“Made in the U.S.A.” has been in decline for decades, but in the last few years it has shown signs of an incipient comeback. Even as the number of manufacturing jobs has decreased, manufacturing output—the value of goods made here—has increased substantially. We still make $5.4 trillion worth of stuff annually here, and 12.4 million Americans still work in the manufacturing sector. But Trump administration tariffs, speculation about a trade war, and the continued march toward automation make the future of American manufacturing less certain.
For this special report, we surveyed 26 of the largest manufacturers in the country—and a few smaller ones, because their perspective is important—for their thoughts, concerns, and predictions. Their answers to 11 big questions tell us a lot about what lies ahead.
More from the article:
No. 10: How Many Robots Does a Factory Worker Interact with on a Shift?
The Consensus: Many companies suggested the number of robots in their factories is lower than you might expect. They’ve mostly taken over in places where precision is of the utmost importance—or where humans might get injured.
What the companies say:
Stihl: We are four to five times more automated than a typical U.S. manufacturer of the same size. We have about 155 robots for 2,000 employees. We also have 15 laser-guided-vehicle forklifts that provide just-in-time automatic-assembly-line delivery. No full-time employee has ever been let go due to automation.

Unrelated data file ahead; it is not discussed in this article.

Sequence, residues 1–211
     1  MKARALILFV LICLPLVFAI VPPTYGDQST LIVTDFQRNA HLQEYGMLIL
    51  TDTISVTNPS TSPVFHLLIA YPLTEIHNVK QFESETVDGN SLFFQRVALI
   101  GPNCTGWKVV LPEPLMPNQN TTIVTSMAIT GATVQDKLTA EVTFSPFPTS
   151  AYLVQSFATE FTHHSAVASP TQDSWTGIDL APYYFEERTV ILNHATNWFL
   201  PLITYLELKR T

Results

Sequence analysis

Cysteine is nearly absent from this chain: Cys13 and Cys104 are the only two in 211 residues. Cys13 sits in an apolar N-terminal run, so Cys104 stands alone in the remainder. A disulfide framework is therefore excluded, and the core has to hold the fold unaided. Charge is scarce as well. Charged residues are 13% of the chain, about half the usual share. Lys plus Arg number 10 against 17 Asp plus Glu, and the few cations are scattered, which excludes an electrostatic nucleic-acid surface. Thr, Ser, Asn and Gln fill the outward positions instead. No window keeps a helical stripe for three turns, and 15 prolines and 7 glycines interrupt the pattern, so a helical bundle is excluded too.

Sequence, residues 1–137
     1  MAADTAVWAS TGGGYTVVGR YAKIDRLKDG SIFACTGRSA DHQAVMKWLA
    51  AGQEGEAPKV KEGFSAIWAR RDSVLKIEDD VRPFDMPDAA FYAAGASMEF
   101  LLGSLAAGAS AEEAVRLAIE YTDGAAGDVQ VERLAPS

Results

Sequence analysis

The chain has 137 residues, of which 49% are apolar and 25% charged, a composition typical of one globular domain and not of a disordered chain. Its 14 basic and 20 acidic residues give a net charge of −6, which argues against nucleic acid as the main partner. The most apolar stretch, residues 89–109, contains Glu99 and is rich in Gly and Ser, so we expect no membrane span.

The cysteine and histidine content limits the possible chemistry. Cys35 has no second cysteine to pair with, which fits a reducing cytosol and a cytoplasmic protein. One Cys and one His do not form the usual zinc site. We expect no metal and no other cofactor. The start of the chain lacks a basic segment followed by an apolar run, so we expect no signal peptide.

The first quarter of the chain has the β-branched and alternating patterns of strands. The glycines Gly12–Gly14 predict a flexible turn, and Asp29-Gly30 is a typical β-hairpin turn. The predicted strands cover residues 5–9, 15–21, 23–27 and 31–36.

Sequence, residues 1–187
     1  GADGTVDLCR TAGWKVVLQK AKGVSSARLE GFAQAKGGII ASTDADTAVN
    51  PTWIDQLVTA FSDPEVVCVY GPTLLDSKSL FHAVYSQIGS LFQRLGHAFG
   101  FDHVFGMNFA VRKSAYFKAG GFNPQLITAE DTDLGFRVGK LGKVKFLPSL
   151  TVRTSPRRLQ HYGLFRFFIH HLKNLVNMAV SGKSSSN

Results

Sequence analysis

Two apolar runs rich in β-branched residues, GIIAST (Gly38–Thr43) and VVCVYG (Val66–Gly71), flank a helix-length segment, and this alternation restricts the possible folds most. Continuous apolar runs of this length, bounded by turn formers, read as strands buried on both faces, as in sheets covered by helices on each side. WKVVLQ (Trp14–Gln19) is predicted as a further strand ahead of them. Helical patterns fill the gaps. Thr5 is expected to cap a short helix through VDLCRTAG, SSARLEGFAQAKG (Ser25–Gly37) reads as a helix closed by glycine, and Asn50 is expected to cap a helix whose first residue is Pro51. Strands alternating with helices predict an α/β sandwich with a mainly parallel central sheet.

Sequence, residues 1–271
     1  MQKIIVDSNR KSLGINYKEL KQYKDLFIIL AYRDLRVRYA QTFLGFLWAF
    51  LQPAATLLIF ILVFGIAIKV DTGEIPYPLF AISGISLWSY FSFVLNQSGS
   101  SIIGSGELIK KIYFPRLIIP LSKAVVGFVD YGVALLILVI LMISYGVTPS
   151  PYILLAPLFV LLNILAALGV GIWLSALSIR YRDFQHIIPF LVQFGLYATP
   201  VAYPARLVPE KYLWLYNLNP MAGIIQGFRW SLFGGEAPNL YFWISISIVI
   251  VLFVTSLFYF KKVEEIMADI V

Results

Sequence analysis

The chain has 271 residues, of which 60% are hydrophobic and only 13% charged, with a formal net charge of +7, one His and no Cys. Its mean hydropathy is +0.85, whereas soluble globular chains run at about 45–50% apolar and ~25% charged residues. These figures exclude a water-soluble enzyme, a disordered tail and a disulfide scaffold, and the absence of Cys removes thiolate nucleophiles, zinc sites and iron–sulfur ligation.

Nalgene: Even the bottles that are being injection-blown-molded, there’s somebody there paying attention to the machine, watching it and inspecting it. On any given run, you’re probably going to have three people there that are monitoring the process, actually touching the product.
Ford: At our Kentucky Truck Plant, we recently invested more than $900 million to build the new Expedition and Navigator. When we transformed the body shop, we added approximately 400 new robots. In general, they increase line speed while keeping employees safe from repetitive-motion injuries. The plant also added a robot lab, where employees can test out software tweaks or troubleshoot issues away from the factory floor.
Eink, E-paper, Think Ink – Collin shares six segments pondering the unusual low-power display technology that somehow still seems a bit sci-fi – http://adafruit.com/thinkink
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